In a bid to help farmers deal with the vagaries of weather, the India Meteorological Department (IMD) would launch localised weather forecasting at blocks across 600-odd districts by 2019.
In a bid to help farmers deal with the vagaries of weather, the India Meteorological Department (IMD) would launch localised weather forecasting at blocks across 600-odd districts by 2019. M Rajeevan, secretary, ministry of earth sciences said that currently weather forecast is being provided at district level through daily updates. The Met department does not provide rainfall and other weather-related forecast at the block level.
“There has been variations in weather pattern within a district. Through block level forecasting, the farmers would be well equipped to deal with possible crop losses,” Rajeevan told FE.
Currently, localised forecasting is being experimented in 100 blocks across the country as pilot. The met department has prepared experimental forecasts in the area spanning 12 km x 12 km patches of land for several hundred blocks. In the next step, operational forecast will be made for 100 selected blocks, which will be gradually extended to more than 6,500 blocks all over the country in the next couple of years.
On an average, 8-10 blocks make up each of the country’s 640 districts but the weather conditions often vary quite significantly within a district so that farmers seek more localised information for taking appropriate steps for saving the crops.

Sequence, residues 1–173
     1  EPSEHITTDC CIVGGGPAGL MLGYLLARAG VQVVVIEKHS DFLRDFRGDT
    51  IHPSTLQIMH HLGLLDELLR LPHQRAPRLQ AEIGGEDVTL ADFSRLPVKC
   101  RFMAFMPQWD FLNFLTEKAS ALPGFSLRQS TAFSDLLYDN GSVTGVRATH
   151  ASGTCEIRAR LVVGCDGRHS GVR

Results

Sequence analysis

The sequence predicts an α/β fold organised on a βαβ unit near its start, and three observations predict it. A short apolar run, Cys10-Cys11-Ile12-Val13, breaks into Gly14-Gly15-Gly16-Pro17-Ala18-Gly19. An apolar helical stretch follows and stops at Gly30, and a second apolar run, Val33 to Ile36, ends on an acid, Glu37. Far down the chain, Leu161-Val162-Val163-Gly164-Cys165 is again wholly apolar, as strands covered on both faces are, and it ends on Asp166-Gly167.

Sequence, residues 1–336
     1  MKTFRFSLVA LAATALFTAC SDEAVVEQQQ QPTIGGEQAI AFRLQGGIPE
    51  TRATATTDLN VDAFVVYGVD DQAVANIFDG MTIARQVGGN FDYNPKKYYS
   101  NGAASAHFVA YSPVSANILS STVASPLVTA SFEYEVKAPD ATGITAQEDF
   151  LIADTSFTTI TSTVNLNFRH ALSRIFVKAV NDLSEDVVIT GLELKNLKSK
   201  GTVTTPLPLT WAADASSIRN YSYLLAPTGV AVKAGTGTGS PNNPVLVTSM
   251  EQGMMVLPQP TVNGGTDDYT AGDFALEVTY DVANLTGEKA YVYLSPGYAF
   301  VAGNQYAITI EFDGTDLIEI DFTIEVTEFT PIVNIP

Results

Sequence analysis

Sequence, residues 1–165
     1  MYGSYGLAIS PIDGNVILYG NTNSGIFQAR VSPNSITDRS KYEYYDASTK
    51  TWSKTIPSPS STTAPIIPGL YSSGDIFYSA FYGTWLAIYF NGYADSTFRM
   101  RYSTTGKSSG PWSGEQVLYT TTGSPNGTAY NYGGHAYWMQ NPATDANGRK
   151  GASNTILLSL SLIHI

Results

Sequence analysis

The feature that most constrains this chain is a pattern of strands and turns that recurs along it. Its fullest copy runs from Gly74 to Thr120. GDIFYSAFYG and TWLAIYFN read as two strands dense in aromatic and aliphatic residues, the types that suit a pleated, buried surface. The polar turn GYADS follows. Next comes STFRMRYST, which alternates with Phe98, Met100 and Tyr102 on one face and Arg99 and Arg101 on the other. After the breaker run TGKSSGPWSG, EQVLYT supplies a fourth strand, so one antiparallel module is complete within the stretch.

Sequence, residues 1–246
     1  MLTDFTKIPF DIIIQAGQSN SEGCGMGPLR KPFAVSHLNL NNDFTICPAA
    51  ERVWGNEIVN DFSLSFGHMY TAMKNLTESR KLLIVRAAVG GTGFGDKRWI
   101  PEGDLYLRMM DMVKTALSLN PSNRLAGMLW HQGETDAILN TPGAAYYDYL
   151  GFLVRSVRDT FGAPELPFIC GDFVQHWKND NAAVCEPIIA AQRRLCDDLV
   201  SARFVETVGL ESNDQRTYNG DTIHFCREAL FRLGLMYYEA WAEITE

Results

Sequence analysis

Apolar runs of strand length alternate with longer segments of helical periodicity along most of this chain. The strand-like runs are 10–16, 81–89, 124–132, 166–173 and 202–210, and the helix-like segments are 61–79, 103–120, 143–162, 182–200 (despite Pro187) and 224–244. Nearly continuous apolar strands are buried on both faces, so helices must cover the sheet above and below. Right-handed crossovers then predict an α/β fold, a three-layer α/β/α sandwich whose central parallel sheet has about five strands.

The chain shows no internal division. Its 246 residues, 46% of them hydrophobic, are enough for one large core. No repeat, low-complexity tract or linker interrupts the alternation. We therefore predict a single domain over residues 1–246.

Under the Gramin Krishi Mausam Seva (GKMS), the Earth System Science Organisation (ESSO) and IMD have been providing crop specific advisories to the farmers at the district level twice a week. The GKMS products are being disseminated through smart messaging service (SMS) and integrated voice response system (IVRS) to more than 12 million farmers.
About two years back, IMD had launched a special service titled ‘Nowcast’, where the farmers living in the 50-km radius of IMD’s 146 weather stations get SMS alerts on thunderstorm, squall, hailstorm, among others, within minutes after the information is generated by the Met department.
Earlier, IMD’s weather predictions were uploaded on its website which farmers used to find difficult to access due to lack of internet connectivity in many of these remote locations where the Met department has AgroMet Field Units. At present, the data generated by IMD’s state-of-the-art doppler radars, which have been deployed in 17 locations across the country to track extreme weather phenomenon, instantly transmits to agriculture ministry’s mKisan portal.
Launched in 2013, the IT-enabled advisory service of the agriculture ministry, mKisan portal, is at present offering region-specific and crop-specific information to farmers on their mobile phones, irrespective of the types of handsets.